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Thursday, October 28, 2010

Maya: two going on dictator of small nation

Maya's third birthday is tomorrow.

I find myself in pure wonderment of how much personality this child has developed in three short years, from exiting the womb in a swift four minutes to walking around the house, naked, carrying a winter hat around and saying, "I have a carrot in my hat!"  (And sure enough, she does.)

Maya, not unlike the mom whose genetics she shares, is a fiercely independent creature.  I remember when Sandi was in labor the night Maya was born.  She didn't want to sound the labor alarm for everyone to get in their cars and drive to the hospital.  She would lie down and rest a little, read a book to Ella, get up and walk (all the while we were coaxing her to get in the car and let me take her to the hospital.)  Finally, when she had trouble talking and standing she said, "OK, I think it's time now." No fuss.  No hurry.  No crisis.

Maya shares the independence, but negative on the lack of drama.

Maya needs to have the "Annie" soundtrack in each car she travels in.  From the backseat comes the demand:  "It's a hard knock life!"  She knows the words or makes them up, the intonation, the dramatic rise and fall of the music.  She kicks to the rhythm, tilts her head back and belts out "Tomorrow" as though she is little orphan Annie desperately hoping to find her parents.

Who are, of course, in the front seat.

Last night at supper she said, "My clip is falling out!  My clip is falling out!  Help Punjab help!!!"  (If you haven't watched Annie lately, there is a scene at the end when Annie is suspended up high, about to fall, and she calls out to Punjab the body card for help, amidst tears and terrified screams.)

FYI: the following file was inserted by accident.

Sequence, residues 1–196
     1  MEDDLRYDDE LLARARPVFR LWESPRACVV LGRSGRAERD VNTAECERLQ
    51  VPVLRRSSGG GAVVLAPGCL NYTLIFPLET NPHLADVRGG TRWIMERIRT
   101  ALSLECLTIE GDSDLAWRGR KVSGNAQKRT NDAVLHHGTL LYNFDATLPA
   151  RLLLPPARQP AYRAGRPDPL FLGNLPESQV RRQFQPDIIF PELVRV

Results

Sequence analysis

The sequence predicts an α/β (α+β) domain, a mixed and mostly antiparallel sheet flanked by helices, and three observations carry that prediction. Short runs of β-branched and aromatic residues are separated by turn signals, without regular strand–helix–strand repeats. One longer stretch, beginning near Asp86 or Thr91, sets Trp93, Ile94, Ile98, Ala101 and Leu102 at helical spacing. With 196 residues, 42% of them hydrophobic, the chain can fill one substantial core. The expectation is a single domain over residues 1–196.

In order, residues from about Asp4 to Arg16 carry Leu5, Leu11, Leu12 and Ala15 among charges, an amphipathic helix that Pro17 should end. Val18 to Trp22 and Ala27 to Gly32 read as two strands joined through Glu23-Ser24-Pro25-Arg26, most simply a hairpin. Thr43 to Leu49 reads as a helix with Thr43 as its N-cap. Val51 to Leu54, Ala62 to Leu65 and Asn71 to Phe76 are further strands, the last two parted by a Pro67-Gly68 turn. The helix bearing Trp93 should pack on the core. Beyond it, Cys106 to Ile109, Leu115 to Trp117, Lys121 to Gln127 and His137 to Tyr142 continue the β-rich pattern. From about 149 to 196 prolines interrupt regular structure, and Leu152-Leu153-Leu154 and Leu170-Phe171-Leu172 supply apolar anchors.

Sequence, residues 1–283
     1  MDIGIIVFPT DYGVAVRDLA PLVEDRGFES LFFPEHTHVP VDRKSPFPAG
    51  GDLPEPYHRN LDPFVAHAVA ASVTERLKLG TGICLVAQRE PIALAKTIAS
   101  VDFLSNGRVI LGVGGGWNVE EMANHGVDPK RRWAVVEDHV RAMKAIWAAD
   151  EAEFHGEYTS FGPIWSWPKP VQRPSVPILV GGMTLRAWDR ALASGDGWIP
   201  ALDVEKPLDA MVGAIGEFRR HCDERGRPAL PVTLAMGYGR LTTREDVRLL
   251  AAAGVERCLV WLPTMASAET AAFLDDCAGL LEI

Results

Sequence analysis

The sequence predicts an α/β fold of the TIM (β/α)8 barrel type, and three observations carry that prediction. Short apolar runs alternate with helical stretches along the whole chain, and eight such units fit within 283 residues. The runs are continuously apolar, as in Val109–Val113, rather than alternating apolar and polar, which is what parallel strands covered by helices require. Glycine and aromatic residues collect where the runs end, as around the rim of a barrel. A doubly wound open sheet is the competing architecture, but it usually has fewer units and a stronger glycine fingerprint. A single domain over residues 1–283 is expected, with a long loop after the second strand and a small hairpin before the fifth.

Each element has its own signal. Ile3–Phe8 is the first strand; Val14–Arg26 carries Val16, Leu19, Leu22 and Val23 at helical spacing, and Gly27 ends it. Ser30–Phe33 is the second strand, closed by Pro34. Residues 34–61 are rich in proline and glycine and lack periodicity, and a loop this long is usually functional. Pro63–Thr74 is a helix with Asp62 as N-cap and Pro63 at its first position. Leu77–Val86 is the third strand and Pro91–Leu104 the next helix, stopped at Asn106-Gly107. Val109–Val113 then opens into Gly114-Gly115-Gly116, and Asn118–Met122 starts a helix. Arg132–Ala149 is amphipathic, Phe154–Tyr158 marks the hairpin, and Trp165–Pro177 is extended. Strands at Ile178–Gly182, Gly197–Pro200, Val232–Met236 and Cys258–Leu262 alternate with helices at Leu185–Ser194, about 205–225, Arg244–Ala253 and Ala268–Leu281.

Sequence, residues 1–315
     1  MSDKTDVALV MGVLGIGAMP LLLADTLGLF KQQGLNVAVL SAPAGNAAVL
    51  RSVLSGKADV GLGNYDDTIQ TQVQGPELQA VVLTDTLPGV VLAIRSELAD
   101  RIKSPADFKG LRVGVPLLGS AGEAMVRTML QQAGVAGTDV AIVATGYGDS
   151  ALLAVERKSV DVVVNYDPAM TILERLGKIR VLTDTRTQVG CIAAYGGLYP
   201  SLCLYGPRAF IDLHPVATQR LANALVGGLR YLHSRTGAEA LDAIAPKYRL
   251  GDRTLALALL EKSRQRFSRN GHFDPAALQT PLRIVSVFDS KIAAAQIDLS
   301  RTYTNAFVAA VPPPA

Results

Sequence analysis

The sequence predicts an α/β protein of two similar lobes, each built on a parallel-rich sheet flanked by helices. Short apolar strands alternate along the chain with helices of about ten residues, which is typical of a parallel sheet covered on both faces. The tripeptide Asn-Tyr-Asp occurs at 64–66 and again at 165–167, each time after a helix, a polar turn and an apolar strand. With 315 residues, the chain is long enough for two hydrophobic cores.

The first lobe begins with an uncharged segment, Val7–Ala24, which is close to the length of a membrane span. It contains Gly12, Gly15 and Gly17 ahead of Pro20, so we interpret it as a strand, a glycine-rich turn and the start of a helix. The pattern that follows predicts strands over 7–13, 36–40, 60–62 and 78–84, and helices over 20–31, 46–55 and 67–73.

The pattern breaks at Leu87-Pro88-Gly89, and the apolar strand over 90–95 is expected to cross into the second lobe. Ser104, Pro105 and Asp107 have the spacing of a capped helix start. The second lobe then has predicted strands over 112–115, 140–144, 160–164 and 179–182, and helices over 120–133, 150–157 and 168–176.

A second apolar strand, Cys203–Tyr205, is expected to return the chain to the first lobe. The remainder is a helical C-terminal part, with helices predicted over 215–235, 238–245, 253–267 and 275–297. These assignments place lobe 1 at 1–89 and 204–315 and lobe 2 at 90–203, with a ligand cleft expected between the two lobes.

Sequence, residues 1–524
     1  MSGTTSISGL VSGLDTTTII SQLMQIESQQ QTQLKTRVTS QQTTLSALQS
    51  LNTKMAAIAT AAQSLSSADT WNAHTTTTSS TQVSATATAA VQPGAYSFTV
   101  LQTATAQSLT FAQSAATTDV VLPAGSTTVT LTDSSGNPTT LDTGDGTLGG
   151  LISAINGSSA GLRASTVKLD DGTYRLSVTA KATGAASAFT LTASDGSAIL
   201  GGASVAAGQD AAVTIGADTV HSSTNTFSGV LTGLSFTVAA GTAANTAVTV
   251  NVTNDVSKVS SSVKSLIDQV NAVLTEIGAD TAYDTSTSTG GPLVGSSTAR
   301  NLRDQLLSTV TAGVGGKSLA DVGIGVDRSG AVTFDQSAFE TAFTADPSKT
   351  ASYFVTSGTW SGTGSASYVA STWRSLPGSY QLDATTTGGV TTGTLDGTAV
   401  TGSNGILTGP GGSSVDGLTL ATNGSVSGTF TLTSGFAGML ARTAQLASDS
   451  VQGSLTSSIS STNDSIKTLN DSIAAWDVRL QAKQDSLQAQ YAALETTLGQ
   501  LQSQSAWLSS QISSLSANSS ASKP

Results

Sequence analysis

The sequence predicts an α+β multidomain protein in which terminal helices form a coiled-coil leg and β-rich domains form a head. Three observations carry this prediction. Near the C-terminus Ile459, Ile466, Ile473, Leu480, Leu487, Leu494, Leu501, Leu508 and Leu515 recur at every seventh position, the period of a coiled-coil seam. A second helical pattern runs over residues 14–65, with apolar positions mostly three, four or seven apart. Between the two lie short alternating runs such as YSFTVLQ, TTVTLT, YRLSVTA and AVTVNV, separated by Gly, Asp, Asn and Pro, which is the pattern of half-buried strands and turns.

She is a girl full of spirit and spunk, fire and determination.  She can just as easily wrap her arms around you and tell you she loves you or smack you on the face and scowl at you.  Last week she had to be fireman carried out of the mall because she took off on us three different times.  As I carried her out, kicking and screaming, "I WANT MOMMY!", I sighed and understood this is all part of having Maya.  (Sandi was surprised and a little mortified that no one stopped me, carrying a child that was crying for her mother.  Good point.)

We have coined the phrase:  "Sometimes Maya's love hurts."

She loves bandans (bandaids) and bloshclothes (washcloths), her big sister (except when she is compelled to bite her), her teacher Miss Lynn at school and pasta.  She is a pack rat who always has to take a bag in the car full of puzzle pieces, plastic food, hair elastics and a piece of jewelry.  She doesn't care much for dessert but loves candy.  She often can't choose between her favorite underpants so she wears two pairs.  She is a little bit crazy, a lot hilarious and we marvel at how so much outrageous can be contained in that tiny body. 

How can you want so much for your baby to be just a little less dependent on you and then still feel like you want to cry when you realize this is the last day she will be two?

1 comment:

Emilie said...

This had so many funny moments. Your writing is so good here, and made me laugh out loud and love Maya even more than I already do. I will laugh about you carrying her out of the mall while she screams Mommy! How funny that it never occurred to me that that would look weird to an onlooker! you're going to be arrested for kidnapping! Oh maya. It IS a hard-knock life. xo

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